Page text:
Nan Goldin's arresting exhibition in Rotterdam

Four slideshows of work by the photographer renowned for breaking social taboos
Nan Goldin, Nan one month after being battered (1984) New York
Nan Goldin, Nan one month after being battered (1984) New York


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Details

Nederlands Fotomuseum

nederlandsfotomuseum.nl

From: 2 October 2010
Until: 2 January 2011

Poste Restante

Opening hours:
11am - 5pm

nederlandsfotomuseum.nl


Gallery


 

Nan Goldin is well known for producing searing portraits and her work often breaks social taboos with its explicit exploration of relationships, sexuality and eroticism.  Using her own typical presentation format, a group of four slideshows of her work - entitled: Poste Restante - will be on show and accompanied by music chosen by Goldin, at the Nederlands Fotomuseum, from this Saturday (2nd October). 

Goldin has used her camera to document her life, and that of her immediate circle, since the 60s. One of her first subjects was her best friend and drag queen, David Armstrong. Goldin has recorded the tumultuous personal lives of those around her, as they experienced the highs and lows of intimate relationships, the devastating effects of AIDS and explored drugs and bisexuality.

Goldin became well known for her photography work more so after the 1986 publication of her book The Ballad of Sexual Dependency. Most of the subjects photographed (for what was initially a slideshow of the same name) had died by the 1990s due to drug abuse or contracting AIDS (including close friend and lover Cookie Mueller).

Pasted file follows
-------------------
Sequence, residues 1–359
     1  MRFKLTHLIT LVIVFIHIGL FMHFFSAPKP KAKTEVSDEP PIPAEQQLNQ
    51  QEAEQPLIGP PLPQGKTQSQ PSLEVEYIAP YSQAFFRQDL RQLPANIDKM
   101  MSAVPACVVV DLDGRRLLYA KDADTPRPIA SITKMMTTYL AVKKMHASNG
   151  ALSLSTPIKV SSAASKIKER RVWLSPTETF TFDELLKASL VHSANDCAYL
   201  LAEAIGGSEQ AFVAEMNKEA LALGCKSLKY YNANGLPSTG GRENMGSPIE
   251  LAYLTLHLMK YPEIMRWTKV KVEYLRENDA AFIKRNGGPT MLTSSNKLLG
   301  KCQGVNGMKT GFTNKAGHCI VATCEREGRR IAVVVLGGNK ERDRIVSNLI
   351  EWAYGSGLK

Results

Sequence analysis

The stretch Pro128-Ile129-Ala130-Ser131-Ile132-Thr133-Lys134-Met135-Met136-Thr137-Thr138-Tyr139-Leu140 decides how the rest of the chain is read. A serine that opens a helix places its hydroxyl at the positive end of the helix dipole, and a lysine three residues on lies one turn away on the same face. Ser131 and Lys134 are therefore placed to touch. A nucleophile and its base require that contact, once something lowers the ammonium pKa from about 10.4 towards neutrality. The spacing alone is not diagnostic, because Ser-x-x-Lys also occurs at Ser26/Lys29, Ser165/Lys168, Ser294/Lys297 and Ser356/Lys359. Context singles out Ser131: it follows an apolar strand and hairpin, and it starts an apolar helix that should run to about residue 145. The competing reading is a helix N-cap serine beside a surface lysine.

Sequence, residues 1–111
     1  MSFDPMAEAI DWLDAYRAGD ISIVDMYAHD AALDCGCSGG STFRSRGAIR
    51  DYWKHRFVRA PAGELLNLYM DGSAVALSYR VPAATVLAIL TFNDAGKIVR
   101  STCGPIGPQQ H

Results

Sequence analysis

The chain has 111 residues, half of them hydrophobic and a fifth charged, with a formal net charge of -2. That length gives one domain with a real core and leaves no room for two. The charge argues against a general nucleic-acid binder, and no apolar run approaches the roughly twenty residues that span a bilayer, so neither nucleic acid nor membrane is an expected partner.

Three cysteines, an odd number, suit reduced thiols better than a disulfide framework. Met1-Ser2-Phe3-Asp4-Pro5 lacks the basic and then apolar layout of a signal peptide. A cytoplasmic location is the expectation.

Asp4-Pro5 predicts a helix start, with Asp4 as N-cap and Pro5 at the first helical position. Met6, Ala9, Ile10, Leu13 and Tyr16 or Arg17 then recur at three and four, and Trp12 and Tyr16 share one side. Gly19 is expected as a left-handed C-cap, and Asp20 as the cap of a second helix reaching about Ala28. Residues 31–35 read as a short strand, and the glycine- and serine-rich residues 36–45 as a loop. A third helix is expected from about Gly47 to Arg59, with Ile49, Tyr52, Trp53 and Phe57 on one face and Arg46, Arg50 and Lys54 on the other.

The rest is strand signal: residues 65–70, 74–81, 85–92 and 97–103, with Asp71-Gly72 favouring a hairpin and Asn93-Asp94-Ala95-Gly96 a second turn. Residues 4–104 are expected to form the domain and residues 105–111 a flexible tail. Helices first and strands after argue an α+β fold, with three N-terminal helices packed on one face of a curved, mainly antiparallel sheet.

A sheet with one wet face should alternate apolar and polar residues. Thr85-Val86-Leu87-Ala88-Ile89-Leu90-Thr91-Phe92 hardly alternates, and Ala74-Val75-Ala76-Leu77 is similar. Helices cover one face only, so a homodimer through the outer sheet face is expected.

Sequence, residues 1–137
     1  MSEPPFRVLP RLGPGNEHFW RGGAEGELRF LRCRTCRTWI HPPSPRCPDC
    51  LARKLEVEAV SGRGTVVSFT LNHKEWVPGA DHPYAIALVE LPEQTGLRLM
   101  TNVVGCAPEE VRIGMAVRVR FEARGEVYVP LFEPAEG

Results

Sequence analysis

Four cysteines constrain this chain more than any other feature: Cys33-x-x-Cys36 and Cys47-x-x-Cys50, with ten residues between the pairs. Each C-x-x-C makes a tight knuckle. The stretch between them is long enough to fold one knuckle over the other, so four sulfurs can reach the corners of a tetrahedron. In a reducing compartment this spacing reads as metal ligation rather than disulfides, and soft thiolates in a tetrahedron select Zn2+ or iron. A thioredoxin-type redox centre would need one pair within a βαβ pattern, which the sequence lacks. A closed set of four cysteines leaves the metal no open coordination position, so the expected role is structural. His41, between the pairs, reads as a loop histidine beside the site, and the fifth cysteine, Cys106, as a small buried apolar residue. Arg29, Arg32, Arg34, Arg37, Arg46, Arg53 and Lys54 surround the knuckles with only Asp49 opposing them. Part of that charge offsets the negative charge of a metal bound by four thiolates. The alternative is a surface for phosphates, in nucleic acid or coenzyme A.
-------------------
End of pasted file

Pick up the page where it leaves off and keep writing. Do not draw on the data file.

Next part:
As the (above) arresting image of a battered Goldin illustrates, her photographs are stark and honest (her long term partner Brian attacked her and left her looking like this - bruised and nearly blinded). Goldin succeeds in creating narratives that cut right across categorisation and, being heavily influenced by the medium of film, it's appropriate that her work at this exhibition is displayed in this slideshow format. 

Goldin describes her work as a record of the condition of ‘being human’ and ‘how difficult it is to survive life’. In exploring and questioning her work, we cannot help questioning ourselves and what aspects of ourselves we recognise in her.


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